Louisiana at forefront of COVID vaccine mandate debate at Supreme Court

·2 min read

Louisiana will be at the forefront of the national COVID-19 vaccine mandate debate this week when the U.S. Supreme Court takes up a Biden Administration requirement for healthcare workers to take the shot.

The Supreme Court will consider Friday whether President Biden’s vaccine requirements for healthcare workers in federally funded facilities and employers with more than 100 workers can take effect across the country.

Republican Louisiana Attorney General Jeff Landry led the lawsuit that was joined by 13 other states asking the courts to block Biden's mandate for healthcare workers.

 Early Thursday morning, hundreds of people organized by five labor unions rallied outside Cape Canaveral Space Force Station to protest the upcoming federally mandated Dec. 8 COVID-19 vaccination deadline for government contractors.
Early Thursday morning, hundreds of people organized by five labor unions rallied outside Cape Canaveral Space Force Station to protest the upcoming federally mandated Dec. 8 COVID-19 vaccination deadline for government contractors.

"I think this will absolutely be a litmus test for the direction of these mandates," Landry said in an interview with USA Today Network. "We continue to believe the facts are squarely on our side and that the Biden administration is acting outside its authority."

Louisiana federal Judge Terry Doughty blocked the Biden vaccine requirement for healthcare workers. His decision was upheld in December by the 5th Circuit Court of Appeal in New Orleans.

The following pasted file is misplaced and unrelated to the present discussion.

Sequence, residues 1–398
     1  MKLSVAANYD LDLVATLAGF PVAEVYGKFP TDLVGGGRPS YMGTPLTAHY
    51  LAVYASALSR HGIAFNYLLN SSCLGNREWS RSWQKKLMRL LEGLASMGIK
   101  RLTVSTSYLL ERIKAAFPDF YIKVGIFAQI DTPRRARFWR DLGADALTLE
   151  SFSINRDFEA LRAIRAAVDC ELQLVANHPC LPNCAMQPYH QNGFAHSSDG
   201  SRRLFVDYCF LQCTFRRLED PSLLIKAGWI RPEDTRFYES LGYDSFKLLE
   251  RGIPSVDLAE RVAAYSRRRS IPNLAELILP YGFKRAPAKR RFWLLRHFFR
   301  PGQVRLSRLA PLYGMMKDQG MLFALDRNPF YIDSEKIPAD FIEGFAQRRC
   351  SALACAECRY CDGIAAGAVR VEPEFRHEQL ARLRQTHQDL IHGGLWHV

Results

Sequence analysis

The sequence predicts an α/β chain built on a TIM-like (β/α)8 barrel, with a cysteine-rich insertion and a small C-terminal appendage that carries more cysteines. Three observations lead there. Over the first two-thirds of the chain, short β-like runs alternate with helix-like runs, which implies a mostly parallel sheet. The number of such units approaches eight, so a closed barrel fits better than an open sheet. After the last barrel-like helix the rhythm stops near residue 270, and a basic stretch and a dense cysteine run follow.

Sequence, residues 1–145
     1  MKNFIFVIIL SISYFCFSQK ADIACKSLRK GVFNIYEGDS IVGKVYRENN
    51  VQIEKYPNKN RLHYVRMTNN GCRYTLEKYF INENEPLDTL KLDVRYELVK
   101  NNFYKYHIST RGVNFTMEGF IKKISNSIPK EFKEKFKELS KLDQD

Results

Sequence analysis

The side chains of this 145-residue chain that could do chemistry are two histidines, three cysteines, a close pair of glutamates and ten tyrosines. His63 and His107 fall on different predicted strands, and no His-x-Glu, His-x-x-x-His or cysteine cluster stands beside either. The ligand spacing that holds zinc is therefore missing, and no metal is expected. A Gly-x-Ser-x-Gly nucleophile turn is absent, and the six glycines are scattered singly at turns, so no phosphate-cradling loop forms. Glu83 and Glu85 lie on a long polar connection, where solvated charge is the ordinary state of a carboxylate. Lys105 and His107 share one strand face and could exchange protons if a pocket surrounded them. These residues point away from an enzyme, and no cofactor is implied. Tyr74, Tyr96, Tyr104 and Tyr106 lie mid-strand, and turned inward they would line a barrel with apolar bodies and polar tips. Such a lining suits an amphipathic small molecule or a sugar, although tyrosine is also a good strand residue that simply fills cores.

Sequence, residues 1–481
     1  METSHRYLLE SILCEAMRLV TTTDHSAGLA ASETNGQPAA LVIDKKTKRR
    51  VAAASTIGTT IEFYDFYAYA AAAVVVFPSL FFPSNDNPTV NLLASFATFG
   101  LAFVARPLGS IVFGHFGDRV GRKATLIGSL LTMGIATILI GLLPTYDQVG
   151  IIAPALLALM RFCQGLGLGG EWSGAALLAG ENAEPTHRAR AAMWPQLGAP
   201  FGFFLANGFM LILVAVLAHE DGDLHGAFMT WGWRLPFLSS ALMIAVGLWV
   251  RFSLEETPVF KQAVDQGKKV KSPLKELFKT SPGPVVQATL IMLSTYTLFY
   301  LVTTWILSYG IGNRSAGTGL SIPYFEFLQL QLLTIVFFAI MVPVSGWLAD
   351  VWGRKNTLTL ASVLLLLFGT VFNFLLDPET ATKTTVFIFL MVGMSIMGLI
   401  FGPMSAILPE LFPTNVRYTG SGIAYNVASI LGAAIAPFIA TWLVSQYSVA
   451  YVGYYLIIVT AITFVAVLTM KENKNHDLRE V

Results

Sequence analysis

More: Louisiana federal judge blocks Biden COVID vaccine mandate for Head Start program

The same New Orleans Court blocked Biden's vaccine mandate for employers with more than 100 workers.

Landry is traveling to Washington this week with his Solicitor General Liz Murrill, who will lead the argument on the healthcare workers' case.

The court won't rule on the merits of the cases, but will likely decide whether to let the mandates move forward or keep the injunctions halting them in place until lower courts rule on the merits of the cases.

"Upholding the stays, or injunctions, would speak volumes on where these cases are headed," Landry said.

More: What we know about Judge Terry Doughty, who blocked Biden's COVID vaccine mandate and drilling ban

Doughty's ruling includes Arizona, Alabama, Georgia, Idaho, Indiana, Kentucky, Louisiana, Mississippi, Montana, Ohio, Oklahoma, South Carolina, Utah and West Virginia.

An identical injunction has also been issued by Missouri U.S. District Judge Matthew Schelp for 10 other states, though that case isn't being taken up by the Supreme Court Friday.

Doughty, who was nominated to the federal bench by former President Donald Trump in 2017 and confirmed in 2018, also blocked a vaccine mandate for Head Start workers on Saturday.

Doughty acknowledged both cases "will ultimately be decided by a higher court than this one."

"However, it is important to preserve the status quo in this case," he wrote. "The liberty interests of the unvaccinated requires nothing less."

Greg Hilburn covers state politics for the USA TODAY Network of Louisiana. Follow him on Twitter @GregHilburn1.

This article originally appeared on Lafayette Daily Advertiser: Louisiana at forefront of COVID vaccine mandate debate at Supreme Court